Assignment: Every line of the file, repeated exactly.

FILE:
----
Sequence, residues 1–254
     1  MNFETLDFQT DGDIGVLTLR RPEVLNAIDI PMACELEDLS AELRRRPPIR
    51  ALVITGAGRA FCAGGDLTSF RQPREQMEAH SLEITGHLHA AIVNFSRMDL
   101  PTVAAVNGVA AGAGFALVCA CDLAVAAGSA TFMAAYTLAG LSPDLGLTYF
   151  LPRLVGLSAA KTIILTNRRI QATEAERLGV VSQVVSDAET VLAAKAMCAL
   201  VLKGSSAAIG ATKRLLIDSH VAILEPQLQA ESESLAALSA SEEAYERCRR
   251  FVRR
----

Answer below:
Sequence, residues 1–254
     1  MNFETLDFQT DGDIGVLTLR RPEVLNAIDI PMACELEDLS AELRRRPPIR
    51  ALVITGAGRA FCAGGDLTSF RQPREQMEAH SLEITGHLHA AIVNFSRMDL
   101  PTVAAVNGVA AGAGFALVCA CDLAVAAGSA TFMAAYTLAG LSPDLGLTYF
   151  LPRLVGLSAA KTIILTNRRI QATEAERLGV VSQVVSDAET VLAAKAMCAL
   201  VLKGSSAAIG ATKRLLIDSH VAILEPQLQA ESESLAALSA SEEAYERCRR
   251  FVRR